- Legitimate Interests; the processing is necessary for your legitimate interest of a third party unless there is a good reason to protect the individual’s person date which overrides those legitimate interest.
Children need particular protection when collecting and processing their personal data as they may be less aware of the risks involved.
Children must be protected from the outset. Privacy Notices must be written clearly so children are able to understand what will happen to their personal data. GDPR requires children must be aged at least 16 to be able to consent to the provision of information society services (online) and parental consent is required for children any younger subject to a minimum of 13 years.
DATA PROTECTION OFFICERS
GDPR provide the Data Protection Officer (DPO) must be appointed for: –
- Public authorities;
- Organisations whose all activities require regular and systematic monitoring on a large scale;
- Organisation whose core activity involves processing special categories of data and personal data relating to criminal convictions and offences on a large scale
The DPO’s minimum tasks are defined in Article 39;
To inform and advise the organisation and its employees about their obligations to comply with the GDPR and other Data Protection Laws.
To monitor compliance with the GDPR and other Data Protection Laws including managing internal Data Protection Activities, advise on Data Protection Impact Assessments; train staff and conduct internal audits.
To be the first point of contact for supervisory authorities and to individuals whose data is processed.
GDPR introduces a duty on all organisations to report certain types of personal data breach to the relevant supervisory authority.
Our relevant supervisory authority is the Information Commissioner’s Office.
A personal data breach means a breach of security leading to the accidental or unlawful destruction, loss, alteration, unauthorised disclosure of, or access to personal data. This includes breaches that are the result of an accidental and deliberate causes. It also means that a breach is more than just about losing personal data.
NOTIFICATION – ARTICLE 33
You must report a notifiable breach to the ICO without undue delay, but not later than 72 hours after becoming aware of it.
Where notification is not made within 72 hours it shall be accompanied by reasons for the delay.
When reporting a breach GDPR says you must provide: –
- A description of the nature of the personal data breach including, where possible the categories and approximate number of individuals concerned and the categories an approximate number of personal data records concerned.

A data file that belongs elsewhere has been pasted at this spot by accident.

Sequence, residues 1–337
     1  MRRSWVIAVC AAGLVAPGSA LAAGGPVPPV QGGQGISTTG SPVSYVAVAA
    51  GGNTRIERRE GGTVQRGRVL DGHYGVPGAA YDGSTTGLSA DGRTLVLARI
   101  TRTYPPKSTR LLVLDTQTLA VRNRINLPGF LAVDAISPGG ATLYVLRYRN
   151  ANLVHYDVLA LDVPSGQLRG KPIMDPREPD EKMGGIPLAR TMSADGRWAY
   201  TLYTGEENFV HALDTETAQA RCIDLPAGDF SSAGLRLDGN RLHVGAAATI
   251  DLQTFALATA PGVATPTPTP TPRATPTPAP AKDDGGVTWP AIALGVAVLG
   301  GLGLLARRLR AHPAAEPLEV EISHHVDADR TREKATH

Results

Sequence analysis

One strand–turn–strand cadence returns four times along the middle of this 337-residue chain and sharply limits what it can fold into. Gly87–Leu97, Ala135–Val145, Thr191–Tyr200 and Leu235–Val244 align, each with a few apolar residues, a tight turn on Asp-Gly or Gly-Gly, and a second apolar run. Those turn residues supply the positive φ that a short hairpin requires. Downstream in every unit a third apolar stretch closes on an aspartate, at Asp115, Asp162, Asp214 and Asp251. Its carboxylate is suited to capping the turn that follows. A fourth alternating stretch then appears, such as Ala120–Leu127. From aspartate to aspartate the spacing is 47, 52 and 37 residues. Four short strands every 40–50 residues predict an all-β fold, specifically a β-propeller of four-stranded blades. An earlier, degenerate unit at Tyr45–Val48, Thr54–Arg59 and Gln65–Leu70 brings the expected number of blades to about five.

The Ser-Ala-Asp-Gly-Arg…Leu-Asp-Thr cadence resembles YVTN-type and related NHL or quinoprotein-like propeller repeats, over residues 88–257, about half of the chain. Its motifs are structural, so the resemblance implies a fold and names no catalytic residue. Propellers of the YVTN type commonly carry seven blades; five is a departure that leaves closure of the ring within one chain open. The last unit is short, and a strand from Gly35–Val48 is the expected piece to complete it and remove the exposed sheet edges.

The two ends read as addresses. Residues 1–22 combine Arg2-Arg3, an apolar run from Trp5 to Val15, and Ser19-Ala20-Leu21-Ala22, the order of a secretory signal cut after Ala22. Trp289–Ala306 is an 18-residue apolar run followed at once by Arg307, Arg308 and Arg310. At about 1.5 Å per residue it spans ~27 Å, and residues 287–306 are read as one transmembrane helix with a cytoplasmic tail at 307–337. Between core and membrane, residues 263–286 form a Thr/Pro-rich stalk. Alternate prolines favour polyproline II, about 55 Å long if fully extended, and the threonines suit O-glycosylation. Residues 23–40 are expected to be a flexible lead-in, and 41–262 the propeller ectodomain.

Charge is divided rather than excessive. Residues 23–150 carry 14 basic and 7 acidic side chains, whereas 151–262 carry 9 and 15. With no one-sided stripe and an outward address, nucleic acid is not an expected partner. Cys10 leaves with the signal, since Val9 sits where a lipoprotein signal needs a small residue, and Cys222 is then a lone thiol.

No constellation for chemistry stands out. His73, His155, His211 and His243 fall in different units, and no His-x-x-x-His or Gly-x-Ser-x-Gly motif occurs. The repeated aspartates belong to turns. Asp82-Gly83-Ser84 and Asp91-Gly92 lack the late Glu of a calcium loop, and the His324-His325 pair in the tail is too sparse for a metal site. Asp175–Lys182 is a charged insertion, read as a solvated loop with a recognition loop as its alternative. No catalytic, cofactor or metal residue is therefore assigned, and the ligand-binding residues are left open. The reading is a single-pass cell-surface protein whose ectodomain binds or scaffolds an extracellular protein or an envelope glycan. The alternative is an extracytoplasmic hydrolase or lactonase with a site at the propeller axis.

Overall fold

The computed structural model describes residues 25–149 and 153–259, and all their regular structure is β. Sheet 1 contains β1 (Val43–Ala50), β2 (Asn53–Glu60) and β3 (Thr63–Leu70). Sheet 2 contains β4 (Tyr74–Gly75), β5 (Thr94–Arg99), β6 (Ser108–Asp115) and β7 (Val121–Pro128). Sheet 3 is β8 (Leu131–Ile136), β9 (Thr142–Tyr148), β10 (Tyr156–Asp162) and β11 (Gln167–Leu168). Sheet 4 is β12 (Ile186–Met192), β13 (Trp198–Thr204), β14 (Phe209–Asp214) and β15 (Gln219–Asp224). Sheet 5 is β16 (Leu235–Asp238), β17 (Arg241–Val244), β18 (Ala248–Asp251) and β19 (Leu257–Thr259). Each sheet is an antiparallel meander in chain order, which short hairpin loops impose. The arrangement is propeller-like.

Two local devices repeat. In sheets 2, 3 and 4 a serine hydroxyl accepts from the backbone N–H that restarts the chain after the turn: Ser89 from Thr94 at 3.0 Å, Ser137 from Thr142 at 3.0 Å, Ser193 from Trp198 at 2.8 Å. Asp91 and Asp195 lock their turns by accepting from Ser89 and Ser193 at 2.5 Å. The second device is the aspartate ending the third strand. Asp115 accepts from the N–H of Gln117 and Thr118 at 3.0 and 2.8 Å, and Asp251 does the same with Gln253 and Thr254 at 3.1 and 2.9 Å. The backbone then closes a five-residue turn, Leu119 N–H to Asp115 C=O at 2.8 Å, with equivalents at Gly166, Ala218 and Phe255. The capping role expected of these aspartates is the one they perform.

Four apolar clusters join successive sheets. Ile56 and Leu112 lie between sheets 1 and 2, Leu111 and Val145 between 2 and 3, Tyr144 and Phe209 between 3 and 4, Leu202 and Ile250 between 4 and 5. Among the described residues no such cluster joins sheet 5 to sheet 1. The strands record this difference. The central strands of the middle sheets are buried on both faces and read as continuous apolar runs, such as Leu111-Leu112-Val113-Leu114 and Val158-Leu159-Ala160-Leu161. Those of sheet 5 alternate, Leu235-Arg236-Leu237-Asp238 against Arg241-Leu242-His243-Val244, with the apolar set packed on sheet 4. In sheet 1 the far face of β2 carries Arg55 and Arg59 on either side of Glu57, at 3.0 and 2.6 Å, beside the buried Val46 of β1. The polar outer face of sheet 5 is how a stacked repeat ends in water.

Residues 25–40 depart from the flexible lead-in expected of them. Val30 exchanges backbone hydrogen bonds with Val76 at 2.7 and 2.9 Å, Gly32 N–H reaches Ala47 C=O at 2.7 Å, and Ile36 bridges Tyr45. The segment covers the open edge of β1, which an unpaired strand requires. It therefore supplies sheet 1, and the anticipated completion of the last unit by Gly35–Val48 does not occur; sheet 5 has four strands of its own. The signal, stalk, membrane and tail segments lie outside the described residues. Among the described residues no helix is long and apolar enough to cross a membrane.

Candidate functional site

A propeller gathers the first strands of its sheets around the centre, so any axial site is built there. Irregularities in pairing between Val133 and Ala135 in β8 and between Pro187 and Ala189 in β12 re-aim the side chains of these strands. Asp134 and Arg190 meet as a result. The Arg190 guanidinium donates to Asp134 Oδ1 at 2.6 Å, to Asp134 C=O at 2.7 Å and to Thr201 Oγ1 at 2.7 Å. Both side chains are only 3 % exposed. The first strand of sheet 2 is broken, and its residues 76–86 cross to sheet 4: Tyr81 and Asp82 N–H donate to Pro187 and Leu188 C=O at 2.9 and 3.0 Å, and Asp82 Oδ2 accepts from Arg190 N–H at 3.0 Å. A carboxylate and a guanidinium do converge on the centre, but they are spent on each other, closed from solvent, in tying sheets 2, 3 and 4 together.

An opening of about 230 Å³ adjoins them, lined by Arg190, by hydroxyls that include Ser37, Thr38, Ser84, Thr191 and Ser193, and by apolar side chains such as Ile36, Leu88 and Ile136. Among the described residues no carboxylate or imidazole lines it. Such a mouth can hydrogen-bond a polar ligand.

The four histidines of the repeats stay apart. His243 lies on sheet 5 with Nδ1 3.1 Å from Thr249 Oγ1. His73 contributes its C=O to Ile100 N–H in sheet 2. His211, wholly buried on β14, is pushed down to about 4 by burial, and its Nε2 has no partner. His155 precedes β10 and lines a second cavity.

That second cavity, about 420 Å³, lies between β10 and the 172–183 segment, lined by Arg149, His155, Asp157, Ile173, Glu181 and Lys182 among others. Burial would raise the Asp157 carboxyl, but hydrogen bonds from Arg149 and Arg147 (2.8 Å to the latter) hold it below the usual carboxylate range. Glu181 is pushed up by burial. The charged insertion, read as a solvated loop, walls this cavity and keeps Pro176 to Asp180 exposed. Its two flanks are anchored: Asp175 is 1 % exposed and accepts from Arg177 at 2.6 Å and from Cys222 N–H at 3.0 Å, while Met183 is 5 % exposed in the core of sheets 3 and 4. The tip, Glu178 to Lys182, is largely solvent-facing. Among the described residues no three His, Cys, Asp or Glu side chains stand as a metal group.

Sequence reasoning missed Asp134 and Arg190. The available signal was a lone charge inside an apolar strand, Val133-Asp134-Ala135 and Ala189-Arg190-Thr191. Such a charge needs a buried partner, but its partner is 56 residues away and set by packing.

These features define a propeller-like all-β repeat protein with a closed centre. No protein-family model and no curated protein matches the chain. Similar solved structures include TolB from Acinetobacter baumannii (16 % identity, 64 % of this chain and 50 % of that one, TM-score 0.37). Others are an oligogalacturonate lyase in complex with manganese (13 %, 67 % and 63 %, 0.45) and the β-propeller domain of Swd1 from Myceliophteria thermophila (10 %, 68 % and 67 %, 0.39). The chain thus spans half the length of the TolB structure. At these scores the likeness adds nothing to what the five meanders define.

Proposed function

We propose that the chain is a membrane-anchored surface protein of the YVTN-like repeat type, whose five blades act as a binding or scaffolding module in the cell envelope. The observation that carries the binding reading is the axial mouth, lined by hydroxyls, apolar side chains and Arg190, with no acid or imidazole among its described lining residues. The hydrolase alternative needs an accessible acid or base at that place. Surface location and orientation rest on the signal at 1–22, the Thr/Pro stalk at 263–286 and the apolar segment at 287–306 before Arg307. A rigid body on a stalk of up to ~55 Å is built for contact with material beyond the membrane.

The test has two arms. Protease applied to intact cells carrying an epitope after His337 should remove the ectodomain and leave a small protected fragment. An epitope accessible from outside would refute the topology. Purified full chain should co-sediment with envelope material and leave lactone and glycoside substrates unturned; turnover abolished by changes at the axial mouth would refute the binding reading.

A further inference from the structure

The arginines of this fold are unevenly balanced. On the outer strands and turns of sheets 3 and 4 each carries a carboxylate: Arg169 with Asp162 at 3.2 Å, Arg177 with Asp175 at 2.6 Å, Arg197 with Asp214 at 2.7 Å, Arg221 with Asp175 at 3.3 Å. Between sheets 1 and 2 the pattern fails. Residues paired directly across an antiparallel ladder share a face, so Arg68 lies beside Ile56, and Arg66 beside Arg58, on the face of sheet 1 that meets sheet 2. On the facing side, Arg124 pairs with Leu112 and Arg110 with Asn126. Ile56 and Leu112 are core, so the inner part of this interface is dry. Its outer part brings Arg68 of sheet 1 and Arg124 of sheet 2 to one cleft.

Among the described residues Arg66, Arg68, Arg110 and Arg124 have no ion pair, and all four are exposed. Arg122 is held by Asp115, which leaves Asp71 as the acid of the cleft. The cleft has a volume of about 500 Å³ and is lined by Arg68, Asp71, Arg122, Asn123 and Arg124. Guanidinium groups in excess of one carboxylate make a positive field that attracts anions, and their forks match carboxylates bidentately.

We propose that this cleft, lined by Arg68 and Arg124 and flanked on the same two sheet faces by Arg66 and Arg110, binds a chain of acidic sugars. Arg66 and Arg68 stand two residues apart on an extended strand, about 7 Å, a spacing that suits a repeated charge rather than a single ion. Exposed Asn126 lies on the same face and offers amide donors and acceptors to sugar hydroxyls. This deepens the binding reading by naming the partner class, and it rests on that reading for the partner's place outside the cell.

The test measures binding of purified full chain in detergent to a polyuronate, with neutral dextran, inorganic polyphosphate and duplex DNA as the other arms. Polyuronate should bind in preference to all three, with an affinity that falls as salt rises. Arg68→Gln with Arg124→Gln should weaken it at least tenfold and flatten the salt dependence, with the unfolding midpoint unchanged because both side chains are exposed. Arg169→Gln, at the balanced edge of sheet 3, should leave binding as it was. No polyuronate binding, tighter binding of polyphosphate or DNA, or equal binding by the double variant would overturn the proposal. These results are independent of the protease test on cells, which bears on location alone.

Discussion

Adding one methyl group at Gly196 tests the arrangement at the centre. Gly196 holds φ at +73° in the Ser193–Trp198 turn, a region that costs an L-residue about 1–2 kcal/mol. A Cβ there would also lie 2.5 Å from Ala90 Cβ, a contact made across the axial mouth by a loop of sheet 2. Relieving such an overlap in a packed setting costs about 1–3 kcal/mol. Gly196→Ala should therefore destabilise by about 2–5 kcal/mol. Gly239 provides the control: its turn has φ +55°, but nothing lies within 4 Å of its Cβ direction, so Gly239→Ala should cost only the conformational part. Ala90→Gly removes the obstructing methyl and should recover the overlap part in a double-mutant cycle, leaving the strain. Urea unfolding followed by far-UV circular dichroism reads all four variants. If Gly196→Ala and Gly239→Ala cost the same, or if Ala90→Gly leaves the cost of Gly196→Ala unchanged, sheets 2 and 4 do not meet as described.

- The name and contact details of the Data Protection Officer or other contact point where more information can be obtained.
- A description of the likely consequences of the personal data breach.
- A description of the measures taken, or propose to be taken to deal with the personal data breach, including where appropriate the measures taken to mitigate any possible adverse effects.
It may not be possible to fully investigate a breach within 72 hours.
Article 33(4) allows the provision of the information in phases without undue further delay.
If a breach is likely to result in a high risk to the rights and freedoms of individuals GDPR says you must inform those concerned directly and without undue delay.
To notify the ICO of a personal data breach, guidance is available.
Failure to notify a breach when required to do so can result in a significant fine up to 10 million Euros or 2% of your global turnover. The fine can be combined with the ICO’s other corrective powers under Article 58.
However, the ICO may issue fines of up to 20 million Euros or 4% of global turnover for significant infringements as set out in Article 83(5).
GDPR will be fully effective on 25th May 2018. Hopefully there is full compliance by all organisations.
However, breach and non-compliance will result in the ICO pursuing enforcement action. Please note there have been a recent 40% increase in recruitment at the ICO.
If any issues arise please allow us to assist by providing informed advice plus negotiation and representation with the ICO to ensure the best possible outcome.
Please contact Rahil Khan: –
Address: 20, Mawdsley Street, Bolton, BL1 1LE